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Tuesday, March 6, 2018 by Chad Swiatecki

Pols, industry vets join forces to lead Austin music economy

Under the aegis of one of Austin’s most successful entrepreneurs, a collective of some of the city’s most entrenched business and government leaders has set its sights on keeping Austin’s music community from being priced out of existence.

The group known as ALL ATX Leadership was launched in January by Gary Keller, co-founder of Keller Williams Realty and a vocal supporter of Austin musicians and venues.

It features 32 members from a mix of various segments of Austin’s music industry, local nonprofits, and city and state government who will meet monthly through late spring to find common problems and opportunities. The hope is that members can partner together with the goal of growing a music economy that is dominated by solo entrepreneurs and small businesses. The public sector members of the group are Mayor Steve Adler, city policy adviser Frank Rodriguez, Texas Music Office Director Brendon Anthony, Music Commission Chair Gavin Garcia, and Music and Entertainment Division Manager Erica Shamaly.

While still early in its life cycle, areas that are likely to attract attention include building a music technology economy, growing the publishing and songwriting sectors in Austin and addressing the issues of music venues that are facing rising real estate costs on small operating margins.

Keller, a multimillionaire who stepped in to purchase the Saxon Pub property to save it from redevelopment and started the ALL ATX nonprofit to raise funds for a handful of music-related charities, has provided an undisclosed amount of funding for at least two years of the program that is led by Nashville music industry veteran Tamara Saviano.

“The stated mission is building a more connected music industry in Austin, which is very entrepreneur-heavy compared to places like Nashville and Los Angeles where you have established pieces of the music industry,” Saviano said. “You don’t know what alliances are possible when you don’t know how other people’s businesses work. If you’ve got a PR firm, you’re not going to necessarily know what’s going on in publishing.”

Saviano said addressing the “silo problem” that is a drawback of the Austin music economy should help small businesses to grow together and gradually create more opportunities for Austin musicians to earn more money from their music and performances.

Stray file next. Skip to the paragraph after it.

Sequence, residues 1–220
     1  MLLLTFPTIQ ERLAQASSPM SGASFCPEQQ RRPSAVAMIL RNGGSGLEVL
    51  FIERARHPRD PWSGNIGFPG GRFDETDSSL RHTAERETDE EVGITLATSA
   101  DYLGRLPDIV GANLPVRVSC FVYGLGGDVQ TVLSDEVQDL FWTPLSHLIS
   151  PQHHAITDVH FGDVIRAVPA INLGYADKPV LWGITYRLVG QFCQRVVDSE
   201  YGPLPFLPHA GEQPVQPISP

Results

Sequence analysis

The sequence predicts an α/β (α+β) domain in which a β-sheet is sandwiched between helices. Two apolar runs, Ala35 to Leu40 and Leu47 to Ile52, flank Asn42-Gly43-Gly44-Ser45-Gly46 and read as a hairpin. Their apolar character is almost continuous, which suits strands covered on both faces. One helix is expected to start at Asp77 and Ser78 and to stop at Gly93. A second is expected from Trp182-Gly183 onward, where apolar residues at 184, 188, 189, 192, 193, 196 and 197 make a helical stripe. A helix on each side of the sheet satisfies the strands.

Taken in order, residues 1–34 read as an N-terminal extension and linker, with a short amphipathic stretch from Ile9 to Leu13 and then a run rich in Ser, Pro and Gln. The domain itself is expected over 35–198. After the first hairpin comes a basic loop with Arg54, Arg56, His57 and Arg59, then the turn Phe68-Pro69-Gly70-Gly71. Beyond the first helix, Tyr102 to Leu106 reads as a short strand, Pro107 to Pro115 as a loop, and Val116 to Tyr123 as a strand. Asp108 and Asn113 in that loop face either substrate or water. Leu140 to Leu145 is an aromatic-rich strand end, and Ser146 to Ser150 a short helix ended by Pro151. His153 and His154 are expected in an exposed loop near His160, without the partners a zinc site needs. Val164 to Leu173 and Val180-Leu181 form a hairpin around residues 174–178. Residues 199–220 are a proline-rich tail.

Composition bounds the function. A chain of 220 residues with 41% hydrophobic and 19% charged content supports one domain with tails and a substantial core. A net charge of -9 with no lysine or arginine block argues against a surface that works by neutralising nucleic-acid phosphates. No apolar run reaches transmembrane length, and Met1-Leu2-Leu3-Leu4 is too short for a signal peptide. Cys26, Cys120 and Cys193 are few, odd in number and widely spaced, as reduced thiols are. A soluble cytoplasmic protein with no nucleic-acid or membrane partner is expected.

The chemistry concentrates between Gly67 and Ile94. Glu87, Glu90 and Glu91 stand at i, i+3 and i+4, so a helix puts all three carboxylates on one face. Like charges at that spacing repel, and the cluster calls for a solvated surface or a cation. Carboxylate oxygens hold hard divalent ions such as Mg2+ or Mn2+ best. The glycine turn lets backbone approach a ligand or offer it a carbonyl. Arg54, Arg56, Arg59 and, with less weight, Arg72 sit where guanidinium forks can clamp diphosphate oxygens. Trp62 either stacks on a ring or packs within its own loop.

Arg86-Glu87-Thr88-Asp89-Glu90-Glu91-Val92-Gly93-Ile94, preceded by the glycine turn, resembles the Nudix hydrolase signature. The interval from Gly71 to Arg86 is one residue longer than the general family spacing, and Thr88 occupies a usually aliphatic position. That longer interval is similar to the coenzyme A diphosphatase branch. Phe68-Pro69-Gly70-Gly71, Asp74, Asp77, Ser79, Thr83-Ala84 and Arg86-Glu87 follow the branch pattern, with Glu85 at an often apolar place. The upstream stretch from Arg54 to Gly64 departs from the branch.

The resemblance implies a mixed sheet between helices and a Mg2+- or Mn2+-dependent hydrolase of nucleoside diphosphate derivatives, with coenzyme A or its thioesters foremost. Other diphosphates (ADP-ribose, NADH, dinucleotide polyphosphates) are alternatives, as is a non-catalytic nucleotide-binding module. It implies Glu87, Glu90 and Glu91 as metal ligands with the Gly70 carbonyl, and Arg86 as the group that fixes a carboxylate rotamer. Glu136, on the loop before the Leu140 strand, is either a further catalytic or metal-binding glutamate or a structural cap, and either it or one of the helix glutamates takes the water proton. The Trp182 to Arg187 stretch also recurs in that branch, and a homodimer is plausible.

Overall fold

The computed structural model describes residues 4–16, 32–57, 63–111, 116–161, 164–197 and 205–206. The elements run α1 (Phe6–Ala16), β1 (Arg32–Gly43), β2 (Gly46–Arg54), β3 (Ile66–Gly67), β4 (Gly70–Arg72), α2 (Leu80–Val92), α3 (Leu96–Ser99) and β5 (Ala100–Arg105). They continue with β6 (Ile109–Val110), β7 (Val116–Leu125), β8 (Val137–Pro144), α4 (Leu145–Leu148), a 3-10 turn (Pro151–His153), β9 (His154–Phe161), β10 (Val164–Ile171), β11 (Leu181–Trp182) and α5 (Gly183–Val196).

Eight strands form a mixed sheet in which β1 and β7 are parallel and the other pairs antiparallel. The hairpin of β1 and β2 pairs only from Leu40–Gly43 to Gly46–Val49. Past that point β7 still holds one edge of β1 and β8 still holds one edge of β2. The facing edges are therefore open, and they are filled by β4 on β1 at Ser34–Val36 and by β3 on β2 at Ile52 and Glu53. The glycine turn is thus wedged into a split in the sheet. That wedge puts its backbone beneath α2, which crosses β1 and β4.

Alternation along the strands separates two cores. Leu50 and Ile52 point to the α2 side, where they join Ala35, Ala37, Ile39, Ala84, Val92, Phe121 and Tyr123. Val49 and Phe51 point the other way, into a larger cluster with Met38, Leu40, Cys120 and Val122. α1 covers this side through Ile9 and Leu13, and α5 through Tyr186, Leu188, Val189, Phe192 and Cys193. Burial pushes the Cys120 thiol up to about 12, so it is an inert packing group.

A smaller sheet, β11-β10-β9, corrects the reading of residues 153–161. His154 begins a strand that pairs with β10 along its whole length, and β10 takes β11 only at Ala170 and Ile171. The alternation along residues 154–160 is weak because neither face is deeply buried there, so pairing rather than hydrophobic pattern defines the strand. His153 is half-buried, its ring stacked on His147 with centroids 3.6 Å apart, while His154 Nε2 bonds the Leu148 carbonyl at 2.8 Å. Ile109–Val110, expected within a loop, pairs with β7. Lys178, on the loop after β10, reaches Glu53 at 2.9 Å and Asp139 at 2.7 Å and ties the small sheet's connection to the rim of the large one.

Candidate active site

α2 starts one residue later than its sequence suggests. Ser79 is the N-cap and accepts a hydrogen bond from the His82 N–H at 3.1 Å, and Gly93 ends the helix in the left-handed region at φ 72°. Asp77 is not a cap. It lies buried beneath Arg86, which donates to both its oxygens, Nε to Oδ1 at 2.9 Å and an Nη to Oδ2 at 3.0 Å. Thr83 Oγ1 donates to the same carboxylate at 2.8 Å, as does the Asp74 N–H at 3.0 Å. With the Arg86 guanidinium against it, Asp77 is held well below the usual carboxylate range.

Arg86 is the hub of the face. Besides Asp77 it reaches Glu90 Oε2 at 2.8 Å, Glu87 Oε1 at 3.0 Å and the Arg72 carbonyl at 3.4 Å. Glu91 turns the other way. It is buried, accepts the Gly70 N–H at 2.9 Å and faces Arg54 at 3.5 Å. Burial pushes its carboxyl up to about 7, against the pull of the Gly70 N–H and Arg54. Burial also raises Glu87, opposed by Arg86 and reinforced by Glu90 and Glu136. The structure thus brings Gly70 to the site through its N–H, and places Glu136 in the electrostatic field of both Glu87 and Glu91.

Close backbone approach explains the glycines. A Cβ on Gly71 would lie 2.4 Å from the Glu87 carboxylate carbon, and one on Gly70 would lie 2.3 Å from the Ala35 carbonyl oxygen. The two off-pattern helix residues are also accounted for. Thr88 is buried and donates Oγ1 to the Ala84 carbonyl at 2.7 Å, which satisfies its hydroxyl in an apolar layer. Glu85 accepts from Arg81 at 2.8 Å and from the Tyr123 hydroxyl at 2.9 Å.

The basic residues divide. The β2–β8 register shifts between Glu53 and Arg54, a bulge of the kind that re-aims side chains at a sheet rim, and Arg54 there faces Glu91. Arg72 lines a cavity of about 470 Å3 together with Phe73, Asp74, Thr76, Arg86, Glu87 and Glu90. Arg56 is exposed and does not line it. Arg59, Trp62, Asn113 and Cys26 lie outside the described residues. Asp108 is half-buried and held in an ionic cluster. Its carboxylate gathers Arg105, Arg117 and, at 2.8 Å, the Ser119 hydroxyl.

That is a growing concern for civic leaders, who point to the 2015 Austin Music Census that found many Austin musicians fall below the federal poverty line and routinely earn less than $10,000 per year as artists.

Adler said Keller’s advocacy is needed to help the city’s music economy find its unique business advantage in the coming years.

“Pulling together the different silos into one place, including all the folks who are best able to affect a music industry vertical in this city, is incredibly important,” Adler said. “I’ve said this many times, that if we’re going to preserve music in this city, we have to figure out what the vertical is. L.A. has that and Nashville has that, but we can’t try to be them. We have to develop what it is that we are.”

Much of the initial fruits of the group are expected to come from the business and nonprofit participants because the public sector tends to move slowly.

“The goal with Leadership is to bring all the government people to the table to be a part of it and go really deep on the different aspects of the music industry,” Saviano said. “In two or three years, when you have 90 to 100 graduates who have gone through the program, is when some of them could come together as a political force on issues that matter to musicians.”

In recent years, Adler and members of City Council have attempted to pass policies that will provide assistance to Austin musicians, most notably the Music and Creative Ecosystem Omnibus that is expected to be supplemented by more programs later this year. Also, Adler’s proposed “downtown puzzle” policy slate would likely provide about $3 million annually from the city’s Hotel Occupancy Tax toward efforts to grow the local commercial music industry.

Nick Shuley, program director for the ALL ATX nonprofit, said it is expected that the public sector members of the group will find ways for state and local government bodies to assist with some of the larger business opportunities generated from the private side.

“We want them to know what is happening, and to let them know that we’d love to have (them) involved in this however (they) can,” Shuley said. “We know the private sector has the ability to move more quickly, so the hope is that we can show them places where they could plug in and help some of these things stay sustainable.”

Photo by Koyre Logan made available through a Creative Commons license.

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